Everywhere I look it seems like I see “yet another hackathon”. Each week, we add more and more events to our Big List of Hackathons in Australia page – far surpassing the number of events that were listed for the same time in 2016. Yet in conversations I have with both corporate innovation managers and startups alike, we return again and again, to the same old question – “can you hackathon your way to innovation”?
Before I answer that question – I want you to try a little design thinking exercise on yourself. Ask yourself “Why the answer to this question is important (to you)”?
Then ask the same question again. And again. Ask it five times.
Often, when I am asked this question, it’s really a proxy for other, more challenging issues – how do we know when we are innovating? How do we measure innovation? And what happens to all those ideas we innovate around?
Despite all the work that we do to “think outside the box”, when it comes to innovating in corporates, all we want to do is put it back in the box. We want to be able to point to a program, a hackathon or an Innovation Lab and say, “oh yes, innovation, that’s what we do over there”.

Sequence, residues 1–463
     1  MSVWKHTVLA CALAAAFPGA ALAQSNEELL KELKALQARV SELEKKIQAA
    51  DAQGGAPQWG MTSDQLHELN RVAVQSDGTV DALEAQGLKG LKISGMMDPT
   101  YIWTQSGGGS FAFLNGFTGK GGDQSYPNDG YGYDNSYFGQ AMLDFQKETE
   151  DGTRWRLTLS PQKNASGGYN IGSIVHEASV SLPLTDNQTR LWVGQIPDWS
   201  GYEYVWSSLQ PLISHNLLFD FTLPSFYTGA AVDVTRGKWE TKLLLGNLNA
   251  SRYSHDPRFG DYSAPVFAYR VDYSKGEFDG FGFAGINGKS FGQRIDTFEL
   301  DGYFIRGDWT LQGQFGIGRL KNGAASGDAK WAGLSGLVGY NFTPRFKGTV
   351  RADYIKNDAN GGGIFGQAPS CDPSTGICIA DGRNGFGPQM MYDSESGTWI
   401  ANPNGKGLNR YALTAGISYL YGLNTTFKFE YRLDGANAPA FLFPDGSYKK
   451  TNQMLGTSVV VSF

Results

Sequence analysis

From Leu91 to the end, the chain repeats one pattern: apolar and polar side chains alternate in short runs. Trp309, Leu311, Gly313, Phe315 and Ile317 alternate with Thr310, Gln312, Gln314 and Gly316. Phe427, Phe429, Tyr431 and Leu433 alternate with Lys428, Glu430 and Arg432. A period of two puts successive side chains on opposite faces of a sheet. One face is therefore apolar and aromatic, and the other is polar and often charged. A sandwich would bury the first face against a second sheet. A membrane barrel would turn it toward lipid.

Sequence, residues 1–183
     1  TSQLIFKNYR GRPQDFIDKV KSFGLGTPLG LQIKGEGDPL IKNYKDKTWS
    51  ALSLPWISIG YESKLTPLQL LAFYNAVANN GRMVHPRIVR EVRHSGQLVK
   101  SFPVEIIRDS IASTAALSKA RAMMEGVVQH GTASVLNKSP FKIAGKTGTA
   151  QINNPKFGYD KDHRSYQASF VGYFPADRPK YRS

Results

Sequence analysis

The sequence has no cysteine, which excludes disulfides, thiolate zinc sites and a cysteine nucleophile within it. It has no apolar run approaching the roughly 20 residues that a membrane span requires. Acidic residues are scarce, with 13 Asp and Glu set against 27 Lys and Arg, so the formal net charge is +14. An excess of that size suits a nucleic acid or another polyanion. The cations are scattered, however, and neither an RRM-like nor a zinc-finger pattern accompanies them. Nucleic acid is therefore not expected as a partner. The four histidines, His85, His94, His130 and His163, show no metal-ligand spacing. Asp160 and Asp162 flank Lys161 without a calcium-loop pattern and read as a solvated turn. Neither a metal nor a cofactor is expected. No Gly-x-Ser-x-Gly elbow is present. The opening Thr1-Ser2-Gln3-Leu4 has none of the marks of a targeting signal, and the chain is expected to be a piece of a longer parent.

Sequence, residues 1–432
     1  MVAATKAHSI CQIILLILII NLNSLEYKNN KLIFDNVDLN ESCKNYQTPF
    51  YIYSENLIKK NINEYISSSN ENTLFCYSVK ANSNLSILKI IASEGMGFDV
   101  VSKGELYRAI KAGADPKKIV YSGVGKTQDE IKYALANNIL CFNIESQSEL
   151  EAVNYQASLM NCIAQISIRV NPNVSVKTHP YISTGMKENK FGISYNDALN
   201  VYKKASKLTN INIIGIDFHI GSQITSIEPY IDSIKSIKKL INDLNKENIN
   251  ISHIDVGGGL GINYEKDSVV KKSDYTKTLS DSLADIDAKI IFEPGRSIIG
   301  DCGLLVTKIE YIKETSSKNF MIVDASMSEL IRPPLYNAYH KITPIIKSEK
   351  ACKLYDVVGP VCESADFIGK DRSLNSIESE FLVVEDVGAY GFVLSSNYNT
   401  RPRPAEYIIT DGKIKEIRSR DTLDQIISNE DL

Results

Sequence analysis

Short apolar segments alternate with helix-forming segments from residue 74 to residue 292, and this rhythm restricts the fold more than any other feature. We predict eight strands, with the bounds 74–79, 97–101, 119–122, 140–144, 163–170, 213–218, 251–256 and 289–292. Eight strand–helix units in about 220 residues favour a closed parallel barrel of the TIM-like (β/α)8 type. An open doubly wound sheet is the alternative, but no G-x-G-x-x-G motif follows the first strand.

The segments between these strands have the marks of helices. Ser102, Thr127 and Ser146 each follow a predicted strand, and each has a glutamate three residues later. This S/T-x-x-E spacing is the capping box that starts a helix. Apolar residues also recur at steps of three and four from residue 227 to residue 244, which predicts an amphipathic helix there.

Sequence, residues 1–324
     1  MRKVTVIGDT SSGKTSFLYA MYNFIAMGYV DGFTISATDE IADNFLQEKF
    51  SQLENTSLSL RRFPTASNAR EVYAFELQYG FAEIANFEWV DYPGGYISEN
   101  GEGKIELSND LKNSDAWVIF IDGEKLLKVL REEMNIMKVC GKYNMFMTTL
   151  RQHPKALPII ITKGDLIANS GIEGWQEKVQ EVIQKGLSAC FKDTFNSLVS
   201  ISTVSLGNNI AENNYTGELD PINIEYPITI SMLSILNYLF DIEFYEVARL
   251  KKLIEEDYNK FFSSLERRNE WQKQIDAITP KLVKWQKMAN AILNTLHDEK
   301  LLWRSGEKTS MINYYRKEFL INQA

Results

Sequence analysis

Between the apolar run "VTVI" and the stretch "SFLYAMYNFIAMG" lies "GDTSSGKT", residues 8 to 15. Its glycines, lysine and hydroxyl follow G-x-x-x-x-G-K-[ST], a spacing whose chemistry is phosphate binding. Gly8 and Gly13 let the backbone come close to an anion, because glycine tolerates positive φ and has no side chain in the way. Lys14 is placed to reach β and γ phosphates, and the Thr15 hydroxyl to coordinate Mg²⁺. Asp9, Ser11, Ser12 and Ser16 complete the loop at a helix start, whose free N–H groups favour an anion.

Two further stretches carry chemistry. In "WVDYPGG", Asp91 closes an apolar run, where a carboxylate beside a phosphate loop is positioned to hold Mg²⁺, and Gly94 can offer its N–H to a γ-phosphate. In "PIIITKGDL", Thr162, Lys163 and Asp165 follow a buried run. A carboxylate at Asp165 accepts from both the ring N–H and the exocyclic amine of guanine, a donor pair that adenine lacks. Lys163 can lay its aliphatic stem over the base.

But innovation’s not that neat. If you are innovating properly, it feels messy and uncomfortable. It makes you look scrappy and less in control. It messes up your head worse than a $2 barber. And if you can point to a box marked “innovation”, then you might just find you’re looking in the wrong direction.
Now, don’t get me wrong, hackathons, accelerators, bootcamps and innovation labs can be great things. But they are things. Events. Artefacts. They make for great stories, experiences and moments in a career.
But great innovation requires great change. Disruption, after all, is about disrupting, not keeping your “business as usual” tick-tocking along. Which is why you can’t hackathon your way to innovation. The only way to innovate is to change.
And the secret is managing that change like your business depended upon it. Because, you know what? It does.